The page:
Conclusions: The descriptive data showed that a greater severity of ED in men with LOH correlated with an increased waist circumference, hyperglycaemia, hypertriglyceridaemia, hyperlipidaemia, and a history of diabetes mellitus. Severe ED is a prognostic indicator of comorbidities in men with LOH.

No MeSH data available.


Related in: MedlinePlus

Box-plot presentation of the independent variables with significant differences among the ED subgroups by One Way ANOVA analysis.
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f0005: Box-plot presentation of the independent variables with significant differences among the ED subgroups by One Way ANOVA analysis.

Mentions: Comparing the means of the ED subgroups by one-way ANOVA there were no correlations with severity and any measure of the hormonal panel (serum total testosterone and SHBG, and calculated free and bioavailable testosterone) (Table 2). Of the continuous variables the one-way ANOVA showed that the means of body weight, waist circumference, fasting glucose, HbA1c, triglycerides and AMS were directly proportional to the severity of ED, with statistical significance (Table 3 and Fig. 1).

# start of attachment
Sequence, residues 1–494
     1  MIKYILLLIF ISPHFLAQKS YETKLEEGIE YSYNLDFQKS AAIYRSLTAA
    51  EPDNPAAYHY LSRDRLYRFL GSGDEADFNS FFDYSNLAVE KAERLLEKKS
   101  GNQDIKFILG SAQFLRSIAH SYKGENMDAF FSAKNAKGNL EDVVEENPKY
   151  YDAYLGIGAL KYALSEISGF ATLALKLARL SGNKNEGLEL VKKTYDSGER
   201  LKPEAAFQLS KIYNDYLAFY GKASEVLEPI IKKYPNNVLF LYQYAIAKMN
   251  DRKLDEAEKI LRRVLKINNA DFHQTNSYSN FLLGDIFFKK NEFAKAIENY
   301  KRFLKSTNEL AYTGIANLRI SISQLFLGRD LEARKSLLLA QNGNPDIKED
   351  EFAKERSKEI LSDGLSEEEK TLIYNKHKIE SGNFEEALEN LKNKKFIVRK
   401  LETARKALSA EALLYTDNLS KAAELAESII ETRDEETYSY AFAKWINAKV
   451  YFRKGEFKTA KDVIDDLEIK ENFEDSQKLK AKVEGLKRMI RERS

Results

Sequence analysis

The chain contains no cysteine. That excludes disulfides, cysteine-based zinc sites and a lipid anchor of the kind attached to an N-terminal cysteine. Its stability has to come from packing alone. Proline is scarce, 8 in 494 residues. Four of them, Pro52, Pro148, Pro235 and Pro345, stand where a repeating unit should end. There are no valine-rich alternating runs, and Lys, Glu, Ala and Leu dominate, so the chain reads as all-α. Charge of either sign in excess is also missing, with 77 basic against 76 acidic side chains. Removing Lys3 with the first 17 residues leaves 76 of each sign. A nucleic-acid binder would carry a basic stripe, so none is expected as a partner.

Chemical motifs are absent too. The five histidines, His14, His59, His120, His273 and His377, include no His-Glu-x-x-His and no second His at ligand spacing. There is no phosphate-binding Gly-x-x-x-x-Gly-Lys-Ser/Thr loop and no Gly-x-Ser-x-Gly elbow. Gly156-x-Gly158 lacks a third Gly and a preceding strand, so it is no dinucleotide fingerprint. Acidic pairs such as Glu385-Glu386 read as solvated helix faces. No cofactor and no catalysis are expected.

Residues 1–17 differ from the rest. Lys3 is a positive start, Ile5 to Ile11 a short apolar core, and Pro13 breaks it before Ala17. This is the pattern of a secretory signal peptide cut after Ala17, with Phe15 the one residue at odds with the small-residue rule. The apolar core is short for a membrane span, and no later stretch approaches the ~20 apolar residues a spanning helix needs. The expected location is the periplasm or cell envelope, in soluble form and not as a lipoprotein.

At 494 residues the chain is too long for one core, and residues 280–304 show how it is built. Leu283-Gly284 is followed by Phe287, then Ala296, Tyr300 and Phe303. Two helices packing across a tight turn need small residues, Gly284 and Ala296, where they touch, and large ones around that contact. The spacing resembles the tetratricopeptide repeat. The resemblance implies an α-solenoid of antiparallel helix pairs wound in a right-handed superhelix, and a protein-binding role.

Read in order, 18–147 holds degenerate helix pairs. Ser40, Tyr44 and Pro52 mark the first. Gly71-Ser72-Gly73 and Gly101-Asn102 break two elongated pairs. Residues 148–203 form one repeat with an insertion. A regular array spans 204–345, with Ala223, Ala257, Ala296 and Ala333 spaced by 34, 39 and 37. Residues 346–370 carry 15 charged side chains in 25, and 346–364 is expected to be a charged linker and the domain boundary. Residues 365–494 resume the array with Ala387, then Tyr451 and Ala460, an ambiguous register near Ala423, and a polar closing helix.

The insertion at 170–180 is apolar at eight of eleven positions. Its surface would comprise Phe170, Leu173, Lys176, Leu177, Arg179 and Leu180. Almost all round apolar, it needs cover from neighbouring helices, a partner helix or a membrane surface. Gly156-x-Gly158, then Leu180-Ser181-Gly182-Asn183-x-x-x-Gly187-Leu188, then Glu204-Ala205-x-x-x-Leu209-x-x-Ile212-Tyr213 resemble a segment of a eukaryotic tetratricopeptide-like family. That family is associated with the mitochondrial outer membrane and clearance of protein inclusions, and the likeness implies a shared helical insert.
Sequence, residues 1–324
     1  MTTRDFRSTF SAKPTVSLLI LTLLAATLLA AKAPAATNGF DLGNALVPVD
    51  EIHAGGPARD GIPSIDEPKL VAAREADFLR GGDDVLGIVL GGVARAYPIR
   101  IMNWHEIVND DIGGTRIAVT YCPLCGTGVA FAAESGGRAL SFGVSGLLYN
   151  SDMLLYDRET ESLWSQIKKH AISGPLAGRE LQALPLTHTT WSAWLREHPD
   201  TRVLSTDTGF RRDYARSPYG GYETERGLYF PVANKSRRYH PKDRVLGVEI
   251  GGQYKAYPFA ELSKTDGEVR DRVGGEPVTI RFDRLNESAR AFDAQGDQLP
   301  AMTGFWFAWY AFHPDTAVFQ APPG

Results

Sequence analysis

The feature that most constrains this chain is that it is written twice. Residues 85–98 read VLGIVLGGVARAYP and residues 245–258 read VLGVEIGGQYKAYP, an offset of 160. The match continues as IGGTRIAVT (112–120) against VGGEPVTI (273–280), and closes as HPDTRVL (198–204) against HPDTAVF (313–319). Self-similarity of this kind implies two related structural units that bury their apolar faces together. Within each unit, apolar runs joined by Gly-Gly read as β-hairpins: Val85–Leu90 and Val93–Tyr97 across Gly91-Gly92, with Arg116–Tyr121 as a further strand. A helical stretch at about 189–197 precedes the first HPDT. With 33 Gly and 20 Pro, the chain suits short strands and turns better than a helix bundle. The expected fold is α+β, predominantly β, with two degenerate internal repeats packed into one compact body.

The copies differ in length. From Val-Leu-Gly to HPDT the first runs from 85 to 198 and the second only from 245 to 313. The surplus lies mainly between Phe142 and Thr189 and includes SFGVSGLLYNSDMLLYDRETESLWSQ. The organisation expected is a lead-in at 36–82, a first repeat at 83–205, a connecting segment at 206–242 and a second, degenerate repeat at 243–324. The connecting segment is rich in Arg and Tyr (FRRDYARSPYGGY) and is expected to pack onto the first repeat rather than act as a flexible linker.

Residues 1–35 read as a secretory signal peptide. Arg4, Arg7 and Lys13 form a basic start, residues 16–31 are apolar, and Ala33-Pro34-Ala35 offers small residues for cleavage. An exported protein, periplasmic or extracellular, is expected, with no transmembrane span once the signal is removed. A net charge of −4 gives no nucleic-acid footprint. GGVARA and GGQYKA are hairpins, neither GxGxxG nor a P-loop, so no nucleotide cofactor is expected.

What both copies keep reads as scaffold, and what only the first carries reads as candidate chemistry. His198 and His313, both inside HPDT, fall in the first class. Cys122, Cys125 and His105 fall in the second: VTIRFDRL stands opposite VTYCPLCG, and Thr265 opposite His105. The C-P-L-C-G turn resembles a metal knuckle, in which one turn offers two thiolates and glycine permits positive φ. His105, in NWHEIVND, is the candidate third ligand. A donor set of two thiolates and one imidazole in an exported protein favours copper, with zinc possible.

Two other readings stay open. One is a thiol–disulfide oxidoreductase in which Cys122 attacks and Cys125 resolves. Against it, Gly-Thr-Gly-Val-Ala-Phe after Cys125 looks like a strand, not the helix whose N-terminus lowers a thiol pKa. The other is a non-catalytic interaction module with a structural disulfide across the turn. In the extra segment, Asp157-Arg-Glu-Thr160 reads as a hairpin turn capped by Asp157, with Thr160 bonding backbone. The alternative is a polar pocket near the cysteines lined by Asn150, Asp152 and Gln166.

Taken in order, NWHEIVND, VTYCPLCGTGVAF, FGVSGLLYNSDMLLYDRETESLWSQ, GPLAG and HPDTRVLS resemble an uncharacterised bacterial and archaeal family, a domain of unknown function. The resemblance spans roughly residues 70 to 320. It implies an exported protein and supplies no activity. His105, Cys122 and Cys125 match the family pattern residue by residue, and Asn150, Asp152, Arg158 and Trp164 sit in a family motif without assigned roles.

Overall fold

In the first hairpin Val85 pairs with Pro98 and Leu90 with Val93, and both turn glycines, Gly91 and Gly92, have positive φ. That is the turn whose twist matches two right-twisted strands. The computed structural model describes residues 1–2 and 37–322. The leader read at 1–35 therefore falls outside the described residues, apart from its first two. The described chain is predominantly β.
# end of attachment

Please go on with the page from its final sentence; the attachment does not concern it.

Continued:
Is there a relationship between the severity of erectile dysfunction and the comorbidity profile in men with late onset hypogonadism?

Yassin AA, Nettleship JE, Almehmadi Y, Yassin DJ, El Douaihy Y, Saad F - Arab J Urol (2015)

Box-plot presentation of the independent variables with significant differences among the ED subgroups by One Way ANOVA analysis.
© Copyright Policy - CC BY-NC-ND
Related In: Results  -  Collection

License
Show All Figures
getmorefigures.php?uid=PMC4563011&req=5